Wednesday, October 20, 2010

Helping A Loved One Who Isn't Ready to Leave

A woman who has contacted me before recently sent me the following letter:

“I have a sister I’ve been working hard to support as she struggles with how to handle her abusive husband. I’ve been glad to be there for her, and it’s been a nice role-reversal because she’s older than I am, my ‘big sister’. At times I’ve felt that I was really helping, and all of those hours on the phone and email seemed worth it. She finally separated from him a couple of months ago, which was a huge step. She was proud and I felt proud for her.

"But here’s what I’m writing about: Recently I found out from other relatives that she’s gone back to seeing her husband and is thinking about moving back in with him; she’s been lying about it to me, continuing to say how good she feels about staying away from him and what a mean, selfish, intimidating asshole he is.

“So one issue is that I feel betrayed. But even more than that, I just don’t get why she would do that. I start to feel like she just doesn’t have the same level of desire that I do to live away from abuse. She’s already said that she knows he isn’t going to change. I just don’t get it. Any thoughts you have would be good to hear. I’m discouraged… Best to you, Renee.”

Here is my response:

Hi Renee,

I've been thinking about your letter about your sister.

First, I really appreciate how hard you have worked to be there for her. It can feel like a heavy load supporting a woman who isn’t ready to end contact with her partner – but she really needs that support. I believe that in some ways the worse the man has treated the woman, the harder it can be to leave him, precisely because of all the harm he has done. This is especially true if the man is of the style that turns nice (or seems to turn nice) for substantial periods of time, then goes back to being abusive. The confusion and drama that this kind of man can create is overwhelming. Many of these men have the power to create an endless nightmare through the custody process and through turning the children against their mother, and I don't blame someone who isn't ready to pay that price. Some guys get more dangerous when the woman leaves than they were before, so the physical risks are high. Some women are so badly shaken by the abuse that they don't believe they'll ever find a love that's better, and they'd rather have intermittent love than no love at all. Some abusers do change, and even though they are very few, the fact that the possibility exists is very tantalizing. The impacts of abuse-related trauma are huge, and we are only beginning to grasp their depth.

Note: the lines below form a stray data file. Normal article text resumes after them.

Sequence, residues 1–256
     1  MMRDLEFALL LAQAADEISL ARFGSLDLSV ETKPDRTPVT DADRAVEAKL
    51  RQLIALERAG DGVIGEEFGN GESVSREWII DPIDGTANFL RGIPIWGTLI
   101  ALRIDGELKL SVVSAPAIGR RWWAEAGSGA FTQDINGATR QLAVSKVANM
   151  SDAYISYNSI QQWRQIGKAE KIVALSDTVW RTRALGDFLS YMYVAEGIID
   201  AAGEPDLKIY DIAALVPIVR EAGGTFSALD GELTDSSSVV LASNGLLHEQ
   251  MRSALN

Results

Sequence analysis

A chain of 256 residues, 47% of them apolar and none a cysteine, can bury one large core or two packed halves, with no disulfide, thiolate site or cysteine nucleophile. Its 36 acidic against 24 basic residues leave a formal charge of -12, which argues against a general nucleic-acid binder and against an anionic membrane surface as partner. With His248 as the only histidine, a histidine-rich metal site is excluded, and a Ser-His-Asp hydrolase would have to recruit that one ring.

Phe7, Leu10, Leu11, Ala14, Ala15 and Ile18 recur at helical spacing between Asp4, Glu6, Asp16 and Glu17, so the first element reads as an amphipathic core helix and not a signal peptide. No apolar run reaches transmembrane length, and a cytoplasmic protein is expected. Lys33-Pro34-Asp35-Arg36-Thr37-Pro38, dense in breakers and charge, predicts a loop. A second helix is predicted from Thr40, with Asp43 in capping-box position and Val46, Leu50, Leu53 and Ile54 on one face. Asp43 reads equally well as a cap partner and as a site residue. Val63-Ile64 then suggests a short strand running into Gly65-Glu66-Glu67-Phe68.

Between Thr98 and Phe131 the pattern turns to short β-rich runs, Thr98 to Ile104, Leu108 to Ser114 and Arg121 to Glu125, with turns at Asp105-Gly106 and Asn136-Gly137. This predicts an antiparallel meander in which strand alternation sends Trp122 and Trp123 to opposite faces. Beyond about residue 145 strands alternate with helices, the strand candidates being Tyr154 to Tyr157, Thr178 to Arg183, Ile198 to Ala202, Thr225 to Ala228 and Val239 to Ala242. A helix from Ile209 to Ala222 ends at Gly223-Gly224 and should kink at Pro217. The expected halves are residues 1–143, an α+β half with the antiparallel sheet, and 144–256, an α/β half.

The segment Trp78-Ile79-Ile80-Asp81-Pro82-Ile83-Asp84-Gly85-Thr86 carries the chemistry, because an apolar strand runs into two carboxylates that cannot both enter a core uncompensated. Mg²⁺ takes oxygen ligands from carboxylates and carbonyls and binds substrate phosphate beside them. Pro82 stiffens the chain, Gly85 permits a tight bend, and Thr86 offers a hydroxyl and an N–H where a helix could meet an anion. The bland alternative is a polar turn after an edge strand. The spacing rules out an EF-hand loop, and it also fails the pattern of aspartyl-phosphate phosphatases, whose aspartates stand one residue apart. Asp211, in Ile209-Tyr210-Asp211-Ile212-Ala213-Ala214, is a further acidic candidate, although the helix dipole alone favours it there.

And these are just a few of the reasons why it is so hard to break away. There are many, many more. We live in a society that makes it very difficult for women to get away from guys that treat them badly, and then we turn around and blame her for having so much trouble breaking free. I know it can be frustrating to support a woman who isn't ready to permanently end things, or who simply can't (because the costs of doing so would be too high to her and to her children). I think the best thing you can do as the helper is to go to someone else to get support for yourself about how hard it is for you to be there for a woman who is caught in that trap.

A wonderful book that I recommend is called Helping Her Get Free (former title: “To Be An Anchor in the Storm”) by Susan Brewster. It has great advice about supporting an abused woman, including supporting her through the decision not to leave (or at least not to leave yet). It’s the only book I’ve seen that recognizes how hard it can be to be the one in the helper role, and that speaks to the helper with compassion. The woman you are helping deserves understanding, but so do you.